Background: Tea consumption is associated with a lower risk of cardiovascular disease including stroke. Direct effects of tea components on the vasculature, particularly the endothelium, may partly explain this association.
Objective: We performed a meta-analysis of controlled human intervention studies on the effect of tea on flow-mediated dilation (FMD) of the brachial artery, a measurement of endothelial function, which is suggested to be associated with cardiovascular risk.
Methods: Human intervention studies were identified by systematic search of the databases Medline, Embase, Chemical Abstracts and Biosis through March 2009 and by hand-searching related articles. Studies were selected based on predefined criteria: intervention with tea as the sole experimental variable, placebo-controlled design, and no missing data on FMD outcome or its variability. A random effects model was used to calculate the pooled overall effect on FMD due to the intake of tea. The impact of various subject and treatment characteristics was investigated in the presence of heterogeneity.
Results: In total, 9 studies from different research groups were included with 15 relevant study arms. The overall absolute increase in FMD of tea vs. placebo was 2.6% of the arterial diameter (95% CI: 1.8-3.3%; P-value <0.001) for a median daily dose of 500 mL of tea (2-3 cups). This is a relative increase of approximately 40% compared to the average FMD of 6.3% measured under placebo or baseline conditions. There was significant heterogeneity between studies (P-value <0.001) that might partly be explained by the cuff position either distal or proximal to the area of FMD measurement. No indication for publication bias was found.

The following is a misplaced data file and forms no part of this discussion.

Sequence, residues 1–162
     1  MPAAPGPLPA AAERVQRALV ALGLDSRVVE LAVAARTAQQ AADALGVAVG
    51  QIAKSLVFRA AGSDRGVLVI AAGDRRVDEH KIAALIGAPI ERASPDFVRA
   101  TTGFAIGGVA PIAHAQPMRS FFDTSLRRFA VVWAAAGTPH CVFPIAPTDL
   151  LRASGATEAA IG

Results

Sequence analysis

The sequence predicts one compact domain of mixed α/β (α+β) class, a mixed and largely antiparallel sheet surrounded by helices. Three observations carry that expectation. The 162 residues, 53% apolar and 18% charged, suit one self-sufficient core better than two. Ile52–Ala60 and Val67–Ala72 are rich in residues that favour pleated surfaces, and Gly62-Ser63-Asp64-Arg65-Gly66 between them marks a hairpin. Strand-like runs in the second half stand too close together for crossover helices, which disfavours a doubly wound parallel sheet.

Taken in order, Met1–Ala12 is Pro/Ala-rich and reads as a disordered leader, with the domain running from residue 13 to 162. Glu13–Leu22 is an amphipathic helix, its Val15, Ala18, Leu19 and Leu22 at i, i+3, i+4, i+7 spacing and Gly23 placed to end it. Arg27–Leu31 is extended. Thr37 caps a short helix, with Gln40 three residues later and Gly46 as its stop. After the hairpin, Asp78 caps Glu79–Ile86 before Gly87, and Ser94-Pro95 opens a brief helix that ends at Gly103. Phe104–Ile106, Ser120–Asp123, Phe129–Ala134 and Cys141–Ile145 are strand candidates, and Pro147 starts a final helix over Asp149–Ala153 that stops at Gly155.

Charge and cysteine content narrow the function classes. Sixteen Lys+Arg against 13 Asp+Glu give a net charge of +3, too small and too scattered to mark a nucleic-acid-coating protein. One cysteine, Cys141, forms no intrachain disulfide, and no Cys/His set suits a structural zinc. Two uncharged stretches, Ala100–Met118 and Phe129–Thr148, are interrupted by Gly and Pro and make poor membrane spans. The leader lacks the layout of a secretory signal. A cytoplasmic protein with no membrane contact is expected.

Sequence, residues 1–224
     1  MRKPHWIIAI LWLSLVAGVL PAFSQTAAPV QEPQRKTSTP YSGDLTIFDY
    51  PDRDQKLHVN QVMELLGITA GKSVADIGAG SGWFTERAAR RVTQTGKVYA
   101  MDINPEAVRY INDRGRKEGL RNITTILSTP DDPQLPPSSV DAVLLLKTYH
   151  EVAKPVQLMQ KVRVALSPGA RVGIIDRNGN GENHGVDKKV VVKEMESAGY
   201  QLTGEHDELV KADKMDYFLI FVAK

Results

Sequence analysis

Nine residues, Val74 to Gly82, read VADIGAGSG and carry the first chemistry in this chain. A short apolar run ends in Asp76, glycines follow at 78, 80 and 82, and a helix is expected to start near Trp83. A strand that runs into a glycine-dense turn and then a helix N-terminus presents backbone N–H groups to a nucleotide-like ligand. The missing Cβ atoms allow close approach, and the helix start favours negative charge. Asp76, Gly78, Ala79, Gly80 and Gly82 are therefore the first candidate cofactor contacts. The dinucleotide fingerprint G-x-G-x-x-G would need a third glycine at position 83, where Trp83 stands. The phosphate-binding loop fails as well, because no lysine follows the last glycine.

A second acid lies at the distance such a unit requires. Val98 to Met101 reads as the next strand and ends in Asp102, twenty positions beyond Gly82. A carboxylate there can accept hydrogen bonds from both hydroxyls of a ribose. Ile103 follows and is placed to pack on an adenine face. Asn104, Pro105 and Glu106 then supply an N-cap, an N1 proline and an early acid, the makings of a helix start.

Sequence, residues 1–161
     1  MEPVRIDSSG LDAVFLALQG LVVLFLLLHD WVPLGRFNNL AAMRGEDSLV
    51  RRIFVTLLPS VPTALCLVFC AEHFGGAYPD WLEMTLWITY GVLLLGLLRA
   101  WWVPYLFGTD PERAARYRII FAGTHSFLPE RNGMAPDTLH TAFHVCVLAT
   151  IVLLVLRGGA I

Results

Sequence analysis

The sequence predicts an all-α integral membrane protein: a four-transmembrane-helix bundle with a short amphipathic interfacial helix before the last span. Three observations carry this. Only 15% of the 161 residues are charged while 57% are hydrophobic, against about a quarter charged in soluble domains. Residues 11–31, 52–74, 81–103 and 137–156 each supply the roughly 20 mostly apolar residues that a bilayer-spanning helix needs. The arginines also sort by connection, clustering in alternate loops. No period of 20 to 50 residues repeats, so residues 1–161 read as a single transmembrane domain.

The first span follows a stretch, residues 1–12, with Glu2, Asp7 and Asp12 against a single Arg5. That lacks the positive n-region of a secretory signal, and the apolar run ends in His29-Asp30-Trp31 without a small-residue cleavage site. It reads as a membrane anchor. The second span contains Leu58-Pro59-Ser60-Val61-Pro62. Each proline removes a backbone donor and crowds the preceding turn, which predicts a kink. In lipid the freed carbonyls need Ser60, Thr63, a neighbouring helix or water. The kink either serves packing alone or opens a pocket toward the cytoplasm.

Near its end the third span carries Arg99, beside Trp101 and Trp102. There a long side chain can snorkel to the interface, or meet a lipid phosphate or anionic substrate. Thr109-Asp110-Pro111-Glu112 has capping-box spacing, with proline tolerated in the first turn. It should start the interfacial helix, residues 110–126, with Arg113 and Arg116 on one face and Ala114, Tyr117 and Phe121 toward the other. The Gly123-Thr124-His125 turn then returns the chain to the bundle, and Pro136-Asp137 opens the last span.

Conclusion: Moderate consumption of tea substantially enhances endothelial-dependent vasodilation. This may provide a mechanistic explanation for the reduced risk of cardiovascular events and stroke observed among tea drinkers.